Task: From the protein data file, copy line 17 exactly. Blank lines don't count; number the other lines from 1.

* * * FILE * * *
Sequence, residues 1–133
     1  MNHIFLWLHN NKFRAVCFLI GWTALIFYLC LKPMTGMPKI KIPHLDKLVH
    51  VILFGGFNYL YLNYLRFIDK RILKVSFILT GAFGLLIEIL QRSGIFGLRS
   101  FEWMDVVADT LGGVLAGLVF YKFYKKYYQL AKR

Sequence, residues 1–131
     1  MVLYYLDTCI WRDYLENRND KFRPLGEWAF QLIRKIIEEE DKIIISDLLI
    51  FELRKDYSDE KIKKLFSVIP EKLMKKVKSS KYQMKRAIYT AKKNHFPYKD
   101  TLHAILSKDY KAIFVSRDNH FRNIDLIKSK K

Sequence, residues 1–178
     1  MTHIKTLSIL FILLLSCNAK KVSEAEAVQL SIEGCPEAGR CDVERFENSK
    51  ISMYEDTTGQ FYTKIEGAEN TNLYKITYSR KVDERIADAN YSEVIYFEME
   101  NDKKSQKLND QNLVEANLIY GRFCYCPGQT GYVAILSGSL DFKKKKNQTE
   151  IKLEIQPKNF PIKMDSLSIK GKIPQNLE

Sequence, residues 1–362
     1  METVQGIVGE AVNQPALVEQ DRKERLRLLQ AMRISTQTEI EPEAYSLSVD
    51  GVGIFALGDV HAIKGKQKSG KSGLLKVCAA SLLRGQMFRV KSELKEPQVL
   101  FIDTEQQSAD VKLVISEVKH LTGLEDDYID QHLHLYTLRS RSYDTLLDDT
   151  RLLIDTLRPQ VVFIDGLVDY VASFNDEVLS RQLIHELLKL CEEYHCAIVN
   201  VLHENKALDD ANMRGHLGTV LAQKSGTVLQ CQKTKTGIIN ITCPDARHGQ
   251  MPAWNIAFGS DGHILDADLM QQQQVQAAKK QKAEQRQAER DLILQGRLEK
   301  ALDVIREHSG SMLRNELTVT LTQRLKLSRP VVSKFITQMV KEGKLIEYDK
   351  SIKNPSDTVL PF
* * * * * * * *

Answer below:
   101  FIDTEQQSAD VKLVISEVKH LTGLEDDYID QHLHLYTLRS RSYDTLLDDT